The little black dress embodies sophistication confidence and the sense of having arrived – with the bonus of hardly ever going out of style. We saw them hanging in our mothers’ closets.
Did they exude an exotic hint of cologne when we lifted dust covers for a better look? Did memories of special occasions suddenly pop to mind? We knew that dress was very special and hoped to one day grow up enough to own one like it. Even in today’s mishmash of what passes as fashion, having a workhorse of a dress offers security and makes getting ready effortless.
In the ‘50s and ‘60s, movies showcased fashion and TV shows defined how adults ought to look. Men were clean shaven and spiffily dressed and women wore lovely outfits that accented physical attributes in alluring but modest ways. The aura of mystery served to make the clothes – and the woman – even more appealing.
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Newspapers and magazines ran advertisements sketched in ink of fashion models posing in various situations wearing that most iconic of dresses. Those dresses incorporated such design elements as darts and other almost forgotten tailoring tricks to give a well-fitting, comfortable, long-lasting garment that enhanced all manner of figures.
Necklines changed according to designer’s whims, but for daytime they rarely dipped below the collarbone. Sleeve lengths ran the gamut, up and down the arm. This dress might be a crisp linen creation for summer and could be sleeveless. A small cardigan or wrap helped ward off the chill of evening. Skirts might stand out or flare slightly from the figure but unless it was an evening dress, the silhouette was long, clean and pencil-thin – black was beloved for ensuring a slender appearance.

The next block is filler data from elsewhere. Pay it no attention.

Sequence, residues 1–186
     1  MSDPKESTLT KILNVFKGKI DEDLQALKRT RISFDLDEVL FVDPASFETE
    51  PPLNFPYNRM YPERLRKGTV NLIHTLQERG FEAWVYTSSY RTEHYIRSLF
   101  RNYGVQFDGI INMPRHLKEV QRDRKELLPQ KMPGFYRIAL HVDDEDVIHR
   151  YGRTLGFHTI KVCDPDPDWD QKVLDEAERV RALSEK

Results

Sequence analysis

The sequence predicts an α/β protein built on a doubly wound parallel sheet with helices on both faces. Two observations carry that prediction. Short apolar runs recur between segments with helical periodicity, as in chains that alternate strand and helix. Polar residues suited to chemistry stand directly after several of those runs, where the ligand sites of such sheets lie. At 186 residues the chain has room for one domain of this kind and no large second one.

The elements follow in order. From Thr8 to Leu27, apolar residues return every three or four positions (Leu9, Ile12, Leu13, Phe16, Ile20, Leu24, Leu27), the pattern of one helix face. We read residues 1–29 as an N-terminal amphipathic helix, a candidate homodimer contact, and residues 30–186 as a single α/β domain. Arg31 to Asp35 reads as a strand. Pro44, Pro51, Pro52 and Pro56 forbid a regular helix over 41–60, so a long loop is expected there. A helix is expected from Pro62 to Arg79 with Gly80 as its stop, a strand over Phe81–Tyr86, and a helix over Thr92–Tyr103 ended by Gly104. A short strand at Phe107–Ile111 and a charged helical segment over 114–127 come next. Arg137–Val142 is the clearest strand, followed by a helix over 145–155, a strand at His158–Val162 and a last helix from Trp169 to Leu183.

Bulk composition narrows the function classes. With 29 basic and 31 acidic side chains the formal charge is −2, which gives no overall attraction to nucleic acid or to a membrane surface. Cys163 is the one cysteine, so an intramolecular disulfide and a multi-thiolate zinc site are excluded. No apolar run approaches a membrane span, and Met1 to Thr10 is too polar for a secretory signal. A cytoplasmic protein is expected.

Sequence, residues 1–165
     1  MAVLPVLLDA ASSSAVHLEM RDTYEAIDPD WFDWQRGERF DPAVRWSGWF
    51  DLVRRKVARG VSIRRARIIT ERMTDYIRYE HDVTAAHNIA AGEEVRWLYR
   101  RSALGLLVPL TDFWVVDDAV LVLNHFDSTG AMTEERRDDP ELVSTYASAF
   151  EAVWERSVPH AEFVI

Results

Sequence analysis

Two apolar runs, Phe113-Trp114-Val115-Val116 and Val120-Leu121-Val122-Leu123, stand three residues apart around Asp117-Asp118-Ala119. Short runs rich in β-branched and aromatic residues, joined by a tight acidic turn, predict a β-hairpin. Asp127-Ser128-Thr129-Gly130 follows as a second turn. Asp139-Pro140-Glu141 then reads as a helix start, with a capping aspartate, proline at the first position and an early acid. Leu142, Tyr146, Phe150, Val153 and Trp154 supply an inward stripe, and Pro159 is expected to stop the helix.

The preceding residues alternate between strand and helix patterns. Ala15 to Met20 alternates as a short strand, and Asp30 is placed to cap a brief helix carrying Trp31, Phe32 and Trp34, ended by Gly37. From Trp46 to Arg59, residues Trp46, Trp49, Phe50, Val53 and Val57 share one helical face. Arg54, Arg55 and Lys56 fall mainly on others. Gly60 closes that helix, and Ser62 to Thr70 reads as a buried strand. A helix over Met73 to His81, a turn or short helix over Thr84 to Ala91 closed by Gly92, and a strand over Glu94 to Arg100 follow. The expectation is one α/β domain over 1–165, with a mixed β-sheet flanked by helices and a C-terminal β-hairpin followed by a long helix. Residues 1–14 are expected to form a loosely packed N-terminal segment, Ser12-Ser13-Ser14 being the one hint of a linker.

Fabrics varied according to season, but in winter fine woolen dress material was always lined with black satin or taffeta to keep the garment’s shape. As the dress was pulled over lingerie and sheer stockings, the lining caressed the body making a subtle swishing sound. The long, hidden closure in the back usually required assistance getting buttoned or zipped. We often ran from the dressing area in a cloud of newly applied fragrance to seek help and the reactions we got guaranteed a thrilling boost. That final glance in the mirror gave assurance that great things were in store.
Black dresses were always held in abeyance at runway shows and brought out at the very end. Black creations ensured that sophistication was within every woman’s reach. Young girls had to wait because black was allowed only after a certain age. Donning the black dress was a passage into maturity. We also soon learned that sheer stockings created the need to shave legs – with a scratchy razor. Shoes were delicate, sometimes strappy and heel heights challenging. Welcome to adult womanhood.
I remember all the black dresses I have owned. I’ll never forget them. I remember a black silk shirtwaist for a class reunion and my first skinny, black, wool jumper. Those items empowered me. Stories and memories of the gamut of clothing I’ve enjoyed, loved – or, yes, sometimes hated – throughout life occasionally make for fun conversations. We plow through mountains of clothes in our lives. But, thanks to designer Coco Chanel, my clothing mantra will always be: Long live the LBD!
#ode #black #dress
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